[7] Nanocage aims to trap and release hydrogen on demand 
[8] Engineering porous materials 
[9] France bets on green plane in package to ‘save’ aerospace sector 
[10] Germany plans to promote ‘green’ hydrogen with €7 billion 
[11] EU Hydrogen Roadmap 
[12] Boris Johnson: Wind farms could power every home by 2030  

Natural Fibre Composites Research

Testing the Mechanical Performance of Nature Fibre Composites.

Head shot of Owen Tyley by Owen Tyley; Tobias Laux; Neha Chandarana 

Manufacturers are increasingly looking to develop new natural fibre composites (NFCs) to lower the environmental impact of structures such as wind turbine blades and automotive panelling. For these to be brought to market, their mechanical performance must be understood throughout their operating temperature range. This is ordinarily conducted using strain gauges, though the cost of purchasing and installing strain gauges makes this a relatively expensive undertaking. By contrast, digital image correlation (DIC) is an optically-based imaging technique which can determine the strains on an object such as a standardised testing coupon, at much lower cost. However, the reliability of DIC for composite coupons at elevated temperatures is not well-understood. 

Black and white photo of natural fibre composites

As part of a summer internship project supported by the Henry Royce Institute for Advanced Materials, the tensile moduli of flax- and carbon-fibre reinforced polymers using both DIC and strain gauges at temperatures up to 120°C were compared. Preliminary results suggest that the modulus as determined through DIC is the same as for strain gauges, but with greater uncertainties. It is therefore suggested that DIC could be a suitable method for determining the mechanical properties of NFCs for non-safety-critical applications, and as part of early-stage research and development for new natural-fibre composites. 


Flax: A sustainable alternative to glass fibres in wind turbines?




by Abdirahman Sheik Hassan Chandarana ; Terence Macquart

Flax-fibre composites have been widely praised as a high-performance sustainable alternative to synthetic fibres in the composites industry. However, as with many natural fibre composites, the mechanical properties (strength, stiffness) of flax-fibre composites do not match up to their synthetic counterparts. This study assesses the suitability of flax-fibre reinforced composites as a replacement for glass-fibre composites in the context of a wind turbine blade using a life cycle engineering approach.Research on a computer screen Finite element analysis (FEA) was used to determine the design alterations required for comparable performance, followed by a cradle-to-grave life cycle assessment to ascertain the subsequent environmental impact of these alterations. The preliminary results show a significantly greater volume of material is required in a flax-fibre blade to match reserve factor and deflection requirements; however, these models do show reduced environmental impact compared with the glass-fibre composite blades. End-of-life options assessed include landfill and incineration, with and without energy reclamation.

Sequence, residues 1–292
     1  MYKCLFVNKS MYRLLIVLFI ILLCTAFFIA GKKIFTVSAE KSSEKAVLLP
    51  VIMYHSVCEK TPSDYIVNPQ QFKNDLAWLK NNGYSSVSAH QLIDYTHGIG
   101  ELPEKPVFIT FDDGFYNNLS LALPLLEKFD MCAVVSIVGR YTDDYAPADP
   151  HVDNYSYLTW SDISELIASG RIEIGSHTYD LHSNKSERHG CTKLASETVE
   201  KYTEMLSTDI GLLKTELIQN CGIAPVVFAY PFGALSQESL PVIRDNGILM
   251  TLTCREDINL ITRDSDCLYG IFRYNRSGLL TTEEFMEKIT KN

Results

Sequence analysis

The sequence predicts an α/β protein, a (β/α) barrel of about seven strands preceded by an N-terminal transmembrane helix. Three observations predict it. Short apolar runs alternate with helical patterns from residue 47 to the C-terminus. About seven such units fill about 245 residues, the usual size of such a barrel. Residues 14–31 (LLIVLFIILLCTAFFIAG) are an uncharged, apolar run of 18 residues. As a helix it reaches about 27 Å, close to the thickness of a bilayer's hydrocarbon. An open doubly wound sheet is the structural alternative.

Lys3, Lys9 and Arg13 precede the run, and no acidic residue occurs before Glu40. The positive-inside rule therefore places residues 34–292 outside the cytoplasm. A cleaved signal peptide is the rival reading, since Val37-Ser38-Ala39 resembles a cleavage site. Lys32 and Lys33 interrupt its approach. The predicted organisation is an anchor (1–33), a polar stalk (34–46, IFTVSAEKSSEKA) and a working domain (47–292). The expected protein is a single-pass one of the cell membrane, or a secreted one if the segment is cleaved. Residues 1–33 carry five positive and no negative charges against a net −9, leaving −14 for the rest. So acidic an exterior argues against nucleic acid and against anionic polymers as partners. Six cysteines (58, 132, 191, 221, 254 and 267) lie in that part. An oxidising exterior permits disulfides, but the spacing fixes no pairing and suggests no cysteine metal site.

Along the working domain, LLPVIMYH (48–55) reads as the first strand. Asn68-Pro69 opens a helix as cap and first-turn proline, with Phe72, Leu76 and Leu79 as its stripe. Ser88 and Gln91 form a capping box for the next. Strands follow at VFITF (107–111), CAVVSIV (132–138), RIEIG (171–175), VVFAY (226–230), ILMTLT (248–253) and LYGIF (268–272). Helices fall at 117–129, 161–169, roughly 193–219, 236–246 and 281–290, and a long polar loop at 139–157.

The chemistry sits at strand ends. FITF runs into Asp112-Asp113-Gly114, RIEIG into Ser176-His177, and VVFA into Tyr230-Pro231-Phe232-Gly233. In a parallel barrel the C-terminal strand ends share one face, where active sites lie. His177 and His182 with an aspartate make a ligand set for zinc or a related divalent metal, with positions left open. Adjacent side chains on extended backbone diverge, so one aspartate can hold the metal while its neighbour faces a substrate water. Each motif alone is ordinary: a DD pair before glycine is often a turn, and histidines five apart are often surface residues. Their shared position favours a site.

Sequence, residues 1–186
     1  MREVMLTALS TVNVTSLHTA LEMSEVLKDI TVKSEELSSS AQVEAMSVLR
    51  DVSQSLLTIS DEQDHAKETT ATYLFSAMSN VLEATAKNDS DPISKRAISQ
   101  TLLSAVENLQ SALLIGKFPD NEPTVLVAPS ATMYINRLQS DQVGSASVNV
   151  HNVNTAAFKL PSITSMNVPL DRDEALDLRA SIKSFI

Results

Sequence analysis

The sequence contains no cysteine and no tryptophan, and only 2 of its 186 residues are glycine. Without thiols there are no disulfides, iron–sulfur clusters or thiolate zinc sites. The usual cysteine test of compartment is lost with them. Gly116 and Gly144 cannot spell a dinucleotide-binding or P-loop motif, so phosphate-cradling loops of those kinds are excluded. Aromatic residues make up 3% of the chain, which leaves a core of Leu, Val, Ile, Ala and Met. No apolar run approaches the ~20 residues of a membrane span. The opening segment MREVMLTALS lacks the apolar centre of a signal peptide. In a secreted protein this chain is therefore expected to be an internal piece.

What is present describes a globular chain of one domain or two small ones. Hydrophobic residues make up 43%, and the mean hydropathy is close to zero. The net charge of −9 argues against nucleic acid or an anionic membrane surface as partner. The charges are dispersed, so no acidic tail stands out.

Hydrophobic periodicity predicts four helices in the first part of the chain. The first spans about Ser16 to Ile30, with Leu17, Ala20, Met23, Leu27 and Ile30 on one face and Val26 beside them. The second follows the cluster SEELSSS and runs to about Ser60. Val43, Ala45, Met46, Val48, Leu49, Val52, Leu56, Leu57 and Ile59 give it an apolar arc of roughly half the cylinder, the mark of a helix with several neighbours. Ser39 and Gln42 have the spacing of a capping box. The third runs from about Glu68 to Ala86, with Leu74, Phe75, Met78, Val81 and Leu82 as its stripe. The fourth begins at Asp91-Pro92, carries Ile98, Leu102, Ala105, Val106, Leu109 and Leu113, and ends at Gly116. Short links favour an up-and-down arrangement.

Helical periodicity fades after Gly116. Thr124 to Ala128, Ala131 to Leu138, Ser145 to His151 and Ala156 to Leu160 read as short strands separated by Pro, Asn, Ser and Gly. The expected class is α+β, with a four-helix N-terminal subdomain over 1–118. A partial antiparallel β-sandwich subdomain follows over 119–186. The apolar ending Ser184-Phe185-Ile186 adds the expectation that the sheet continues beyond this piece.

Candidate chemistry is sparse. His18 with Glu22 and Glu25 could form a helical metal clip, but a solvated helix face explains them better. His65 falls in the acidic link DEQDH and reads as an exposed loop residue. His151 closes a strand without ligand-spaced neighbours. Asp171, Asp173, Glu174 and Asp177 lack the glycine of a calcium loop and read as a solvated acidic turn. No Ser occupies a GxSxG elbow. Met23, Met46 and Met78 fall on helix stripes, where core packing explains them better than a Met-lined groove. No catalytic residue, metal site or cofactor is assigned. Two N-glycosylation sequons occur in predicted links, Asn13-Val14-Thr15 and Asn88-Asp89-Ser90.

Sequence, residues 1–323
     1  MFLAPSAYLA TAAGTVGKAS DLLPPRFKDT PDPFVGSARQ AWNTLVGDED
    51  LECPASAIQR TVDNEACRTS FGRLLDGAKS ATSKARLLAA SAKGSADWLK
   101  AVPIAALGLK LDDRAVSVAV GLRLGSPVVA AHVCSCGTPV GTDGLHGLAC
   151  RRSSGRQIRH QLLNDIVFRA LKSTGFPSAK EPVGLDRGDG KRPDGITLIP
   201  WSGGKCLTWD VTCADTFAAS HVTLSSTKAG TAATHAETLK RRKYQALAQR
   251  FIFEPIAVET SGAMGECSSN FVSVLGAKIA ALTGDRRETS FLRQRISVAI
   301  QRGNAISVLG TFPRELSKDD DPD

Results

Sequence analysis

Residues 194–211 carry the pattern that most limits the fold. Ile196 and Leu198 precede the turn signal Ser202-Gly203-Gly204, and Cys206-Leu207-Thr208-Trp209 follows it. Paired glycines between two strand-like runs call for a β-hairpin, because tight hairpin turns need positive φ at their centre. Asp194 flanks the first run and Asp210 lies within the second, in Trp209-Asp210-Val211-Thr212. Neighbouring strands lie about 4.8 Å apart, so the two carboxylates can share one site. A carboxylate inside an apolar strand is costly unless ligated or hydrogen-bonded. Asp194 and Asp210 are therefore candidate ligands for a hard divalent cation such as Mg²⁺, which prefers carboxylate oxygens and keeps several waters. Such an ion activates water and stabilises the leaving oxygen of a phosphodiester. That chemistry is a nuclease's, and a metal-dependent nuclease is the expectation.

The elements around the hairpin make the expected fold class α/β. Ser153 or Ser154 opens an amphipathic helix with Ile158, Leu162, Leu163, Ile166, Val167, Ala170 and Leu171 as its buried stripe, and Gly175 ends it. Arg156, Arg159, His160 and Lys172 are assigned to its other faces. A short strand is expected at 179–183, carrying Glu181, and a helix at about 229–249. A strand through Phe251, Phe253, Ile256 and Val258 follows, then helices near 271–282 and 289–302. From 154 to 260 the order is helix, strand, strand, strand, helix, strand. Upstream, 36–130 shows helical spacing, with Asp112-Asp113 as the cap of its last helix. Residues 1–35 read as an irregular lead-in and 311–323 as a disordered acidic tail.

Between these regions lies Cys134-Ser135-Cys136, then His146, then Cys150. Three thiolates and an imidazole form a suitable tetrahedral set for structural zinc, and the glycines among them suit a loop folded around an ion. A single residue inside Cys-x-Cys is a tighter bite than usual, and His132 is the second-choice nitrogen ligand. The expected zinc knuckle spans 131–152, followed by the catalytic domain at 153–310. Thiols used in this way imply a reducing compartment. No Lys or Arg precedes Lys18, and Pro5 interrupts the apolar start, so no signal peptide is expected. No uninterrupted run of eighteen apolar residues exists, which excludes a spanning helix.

Amphiphilic Cellulous for Emulsion Stabilisation and Thermoplastic Composites.

Headshot of Amaka Onyianta Headshot of Steve Eichhorn by Amaka Onyianta; Steve Eichhorn

Biobased polymers, commonly referred to as bioplastics, are made from plant or other biological material instead of petroleum. They, therefore, present opportunities for the development of sustainable plastics from a wide range of pre-cursors including corn, vegetable oil and cellulose. Cellulose, the most abundant polymer on earth, is also renewable material available from vast resources such as wood, plant, bacteria and even sea animal tunicates. Considerable research efforts have been put into developing cellulose-based biopolymers. However, despite all its advantages, cellulose due to its hydrophilic (water-loving) nature presents a significant challenge with respect to blending with other polymers which are often hydrophobic (water-repelling).  

Diagram showing amphiphilic cellulose coated polypropylene composites

To address this challenge, our group is exploring surface modification of cellulose to make it hydrophobic. One such modification we have investigated results in a material that is not only hydrophobic, but largely retains the inherent hydrophilicity of cellulose, leading to an all-new class of material: amphiphilic cellulose. Due to this amphiphilic nature, the cellulose can stabilise oil-in-water emulsions, making it attractive for various applications including in the personal care products sector where consumer desire for nature-based products is increasingly driving demand.    

It is also recognised that while material sources can be sustainable, processing techniques also need to be sustainable for this credential to hold for the final product. Work within our group is therefore also looking into aqueous processing of amphiphilic cellulose with thermoplastics to yield biobased sustainable composite materials with improved tensile modulus. Moreover, the melting profile of the thermoplastic is not affected by the process, neither is a pre-step of compounding needed as seen in the traditional process for incorporation of fillers in thermoplastic composites.